Ms. Tippett: I think you’re actually pushing against some of the instincts of your generation, also, in working with the language of “safe space” in that way. And I can imagine that this is kind of controversial. And I think it’s really important, because you’re — this is me walking into this dangerous territory — but clearly, that language of safety and lack of safety has its meaning, but I agree with you that sometimes it’s being confused with being uncomfortable, and then it becomes something that, in a weird way, is dehumanizing for everybody.
Rev. Bailey: In the words of our colleague Micky, there’s a part in the poem that she wrote, “An Invitation to Brave Space,” which has been the one document that has anchored every single People’s Supper, which is: “We have the right to start somewhere and continue to grow. We have the responsibility to examine what we think we know. We will not be perfect.” And I think one of the things that is so true about the work that we’ve been up to, but, I think, this moment, is that we expect people to come out fully formed. And the reality is, if we are gonna do the work of what it means to grow into being fully human, to grow into the promise of America, to be in process, then we have to be teachable. We have to be moldable. We have to be willing to engage one another and be wrong sometimes.
And there has been such a culture — and I think it comes from a good instinct, to want to protect — and I know, in my community, it’s been silence around particular racialized traumas that people have experienced in previous generations, and what my aunties and them didn’t say. And they did that out of a desire to protect me from the harsh realities of what it meant for them to grow up when they grew up and where they grew up in the South, and — and it still is live. And so, I think there is a generational conversation to be had, cross-generations, about the fine line between what it means to protect and what it means to tell the truth and hold one another in truth well, to accompany one another in the telling of truth well.
Ms. Tippett: In reality in all its complexity, the world as it is, and not as we wish it to be.
Rev. Bailey: Exactly. Exactly.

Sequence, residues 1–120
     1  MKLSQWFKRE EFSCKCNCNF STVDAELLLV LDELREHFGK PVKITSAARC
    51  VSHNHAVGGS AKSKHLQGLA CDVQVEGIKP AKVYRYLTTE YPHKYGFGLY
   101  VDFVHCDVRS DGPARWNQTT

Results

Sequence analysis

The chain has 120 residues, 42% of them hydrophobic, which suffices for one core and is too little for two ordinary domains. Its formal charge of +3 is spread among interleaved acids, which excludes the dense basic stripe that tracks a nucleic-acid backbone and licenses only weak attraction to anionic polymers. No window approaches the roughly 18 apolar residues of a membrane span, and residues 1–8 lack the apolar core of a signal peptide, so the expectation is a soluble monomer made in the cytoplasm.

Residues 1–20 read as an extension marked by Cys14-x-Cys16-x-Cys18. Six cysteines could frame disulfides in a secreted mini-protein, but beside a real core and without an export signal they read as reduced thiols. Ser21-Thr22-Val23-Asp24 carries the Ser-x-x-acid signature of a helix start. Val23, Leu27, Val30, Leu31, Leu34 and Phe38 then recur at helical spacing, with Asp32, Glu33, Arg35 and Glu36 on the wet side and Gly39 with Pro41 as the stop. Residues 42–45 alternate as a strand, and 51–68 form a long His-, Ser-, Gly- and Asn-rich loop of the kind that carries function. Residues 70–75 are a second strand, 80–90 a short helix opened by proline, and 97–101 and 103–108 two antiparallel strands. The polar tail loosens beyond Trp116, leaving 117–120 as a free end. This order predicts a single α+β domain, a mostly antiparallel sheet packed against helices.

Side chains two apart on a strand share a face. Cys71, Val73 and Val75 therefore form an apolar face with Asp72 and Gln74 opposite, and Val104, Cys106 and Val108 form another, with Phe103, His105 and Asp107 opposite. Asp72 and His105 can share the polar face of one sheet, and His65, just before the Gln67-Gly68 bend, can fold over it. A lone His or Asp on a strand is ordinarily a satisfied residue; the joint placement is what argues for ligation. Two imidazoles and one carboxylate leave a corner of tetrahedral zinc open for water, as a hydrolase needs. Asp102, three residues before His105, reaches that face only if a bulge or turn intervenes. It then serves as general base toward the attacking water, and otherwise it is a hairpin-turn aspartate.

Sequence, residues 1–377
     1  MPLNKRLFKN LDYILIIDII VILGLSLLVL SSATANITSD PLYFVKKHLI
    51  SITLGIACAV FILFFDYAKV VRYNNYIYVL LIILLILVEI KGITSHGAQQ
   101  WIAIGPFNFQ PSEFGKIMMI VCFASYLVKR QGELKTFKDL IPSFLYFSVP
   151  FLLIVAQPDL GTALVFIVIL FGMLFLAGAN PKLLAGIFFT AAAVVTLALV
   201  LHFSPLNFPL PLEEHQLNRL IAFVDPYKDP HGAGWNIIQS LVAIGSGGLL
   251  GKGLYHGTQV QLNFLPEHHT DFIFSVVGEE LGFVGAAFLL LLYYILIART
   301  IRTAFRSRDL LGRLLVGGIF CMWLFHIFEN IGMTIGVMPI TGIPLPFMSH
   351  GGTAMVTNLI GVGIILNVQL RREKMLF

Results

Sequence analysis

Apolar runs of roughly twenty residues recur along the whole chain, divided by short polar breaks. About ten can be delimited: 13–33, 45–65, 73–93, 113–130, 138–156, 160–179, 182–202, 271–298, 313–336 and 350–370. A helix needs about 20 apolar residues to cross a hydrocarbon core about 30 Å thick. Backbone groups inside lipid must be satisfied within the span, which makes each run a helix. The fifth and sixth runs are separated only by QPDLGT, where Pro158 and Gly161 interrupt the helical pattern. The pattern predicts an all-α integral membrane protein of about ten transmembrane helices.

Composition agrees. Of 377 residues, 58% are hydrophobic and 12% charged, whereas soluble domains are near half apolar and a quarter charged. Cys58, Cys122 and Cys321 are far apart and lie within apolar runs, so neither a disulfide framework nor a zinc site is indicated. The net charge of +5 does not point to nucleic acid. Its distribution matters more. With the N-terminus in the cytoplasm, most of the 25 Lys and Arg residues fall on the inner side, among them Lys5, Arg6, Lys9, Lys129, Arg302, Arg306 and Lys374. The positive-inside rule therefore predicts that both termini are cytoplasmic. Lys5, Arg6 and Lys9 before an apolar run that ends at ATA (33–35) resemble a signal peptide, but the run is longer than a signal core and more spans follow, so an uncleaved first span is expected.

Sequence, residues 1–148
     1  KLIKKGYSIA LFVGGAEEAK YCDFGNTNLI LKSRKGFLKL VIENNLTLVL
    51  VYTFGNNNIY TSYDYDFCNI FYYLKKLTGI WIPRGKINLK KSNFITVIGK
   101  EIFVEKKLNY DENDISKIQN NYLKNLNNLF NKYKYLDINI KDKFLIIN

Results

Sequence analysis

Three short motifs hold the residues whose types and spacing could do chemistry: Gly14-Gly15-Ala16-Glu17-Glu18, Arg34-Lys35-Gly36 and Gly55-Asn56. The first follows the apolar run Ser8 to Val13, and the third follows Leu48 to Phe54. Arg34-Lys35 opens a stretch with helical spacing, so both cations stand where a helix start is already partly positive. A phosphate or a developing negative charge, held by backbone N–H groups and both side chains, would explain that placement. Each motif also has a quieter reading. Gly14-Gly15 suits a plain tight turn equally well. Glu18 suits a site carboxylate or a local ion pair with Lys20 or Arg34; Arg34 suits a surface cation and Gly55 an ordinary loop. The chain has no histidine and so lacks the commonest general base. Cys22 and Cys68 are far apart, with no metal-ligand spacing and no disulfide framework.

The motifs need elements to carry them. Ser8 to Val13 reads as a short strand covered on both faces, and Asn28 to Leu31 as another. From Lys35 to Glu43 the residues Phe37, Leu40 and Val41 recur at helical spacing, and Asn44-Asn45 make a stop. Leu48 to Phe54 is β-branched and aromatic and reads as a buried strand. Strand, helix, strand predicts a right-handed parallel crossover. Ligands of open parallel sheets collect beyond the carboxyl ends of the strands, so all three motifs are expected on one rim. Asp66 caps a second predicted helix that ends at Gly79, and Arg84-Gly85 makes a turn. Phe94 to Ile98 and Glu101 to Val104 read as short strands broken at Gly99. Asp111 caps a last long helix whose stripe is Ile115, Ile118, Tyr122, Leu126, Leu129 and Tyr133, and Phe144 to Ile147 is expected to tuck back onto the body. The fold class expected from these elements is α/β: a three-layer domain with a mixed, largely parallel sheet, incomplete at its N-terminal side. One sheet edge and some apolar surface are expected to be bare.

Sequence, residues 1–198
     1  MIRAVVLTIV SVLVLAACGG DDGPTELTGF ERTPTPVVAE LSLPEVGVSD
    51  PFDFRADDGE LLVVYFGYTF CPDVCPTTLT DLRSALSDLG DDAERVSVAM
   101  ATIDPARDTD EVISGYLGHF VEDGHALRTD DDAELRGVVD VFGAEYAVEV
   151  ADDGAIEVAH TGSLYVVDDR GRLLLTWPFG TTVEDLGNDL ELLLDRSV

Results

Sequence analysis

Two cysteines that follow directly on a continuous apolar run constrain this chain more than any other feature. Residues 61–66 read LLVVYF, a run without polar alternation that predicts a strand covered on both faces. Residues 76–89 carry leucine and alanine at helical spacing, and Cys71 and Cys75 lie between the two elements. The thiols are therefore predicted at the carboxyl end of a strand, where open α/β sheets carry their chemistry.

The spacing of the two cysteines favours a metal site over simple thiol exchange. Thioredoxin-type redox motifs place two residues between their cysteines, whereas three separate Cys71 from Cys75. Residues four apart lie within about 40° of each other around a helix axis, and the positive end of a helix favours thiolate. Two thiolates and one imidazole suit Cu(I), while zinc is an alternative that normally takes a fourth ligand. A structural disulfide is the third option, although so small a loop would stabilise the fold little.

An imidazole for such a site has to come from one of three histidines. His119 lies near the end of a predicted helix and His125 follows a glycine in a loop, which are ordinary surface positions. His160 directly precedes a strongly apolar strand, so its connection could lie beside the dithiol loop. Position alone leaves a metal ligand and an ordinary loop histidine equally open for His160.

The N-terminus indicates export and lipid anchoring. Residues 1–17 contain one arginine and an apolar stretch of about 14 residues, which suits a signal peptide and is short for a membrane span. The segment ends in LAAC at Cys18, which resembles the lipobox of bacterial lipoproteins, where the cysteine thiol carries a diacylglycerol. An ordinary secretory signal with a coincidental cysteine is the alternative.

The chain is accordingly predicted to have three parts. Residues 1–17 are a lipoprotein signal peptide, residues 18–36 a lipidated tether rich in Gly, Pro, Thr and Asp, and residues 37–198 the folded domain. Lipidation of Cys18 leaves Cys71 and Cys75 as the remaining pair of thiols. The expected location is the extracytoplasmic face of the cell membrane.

Ms. Tippett: I do want to throw in here that part of accompaniment is insisting on joy and refreshment and resilience, and that one thing accompaniment is about is understanding that on any given day, it might be too much for you or me to ask, to carry — even to be hopeful. And so, on those days, you have somebody else who can carry that for you. And I feel like joy is also strangely countercultural right now.
Rev. Bailey: I don’t want a revolution if I can’t dance, y’all.
There’s a reason why I hold scripture in one hand and Beyoncé lyrics in the other…
…that there is joy to be found in the silly moments, in the quiet moments, in the moments that — I agree with you that joy seems countercultural. But what is more revolutionary than declaring that there are things that are worthy of our laughter, that there are things that are worthy of celebrating at a time when everything seems so dark and dim? I live my life in color, not in black and white.
And that’s another thing we’ve always known. There’s a reason why the elders of the movement, the Civil Rights Movement, were singing songs. There were reasons why they were cooking together and just being together. And so much of that relationship, that trust, is built over late-night bottles of wine on front porches [laughs] and …
Ms. Tippett: This is also not an either/or; it’s a both/and.
Rev. Bailey: It’s a both/and. We get to live full lives. And when we stop living full lives, we give ourselves over to hopelessness. And I belong to a faith tradition that is all about revolutionary hope and always orients itself towards a notion of resurrection, not resurrection that is born of platitudes, but a deep reckoning with sorrow and death — and that we imagine something different, that we can begin to live into something different.
That’s the fancy term I learned in seminary: the eschatological hope. That is the vision of what might be. And man, if that Jesus guy, for me, didn’t live that example. He was drinking, too, and sharing tables all the time.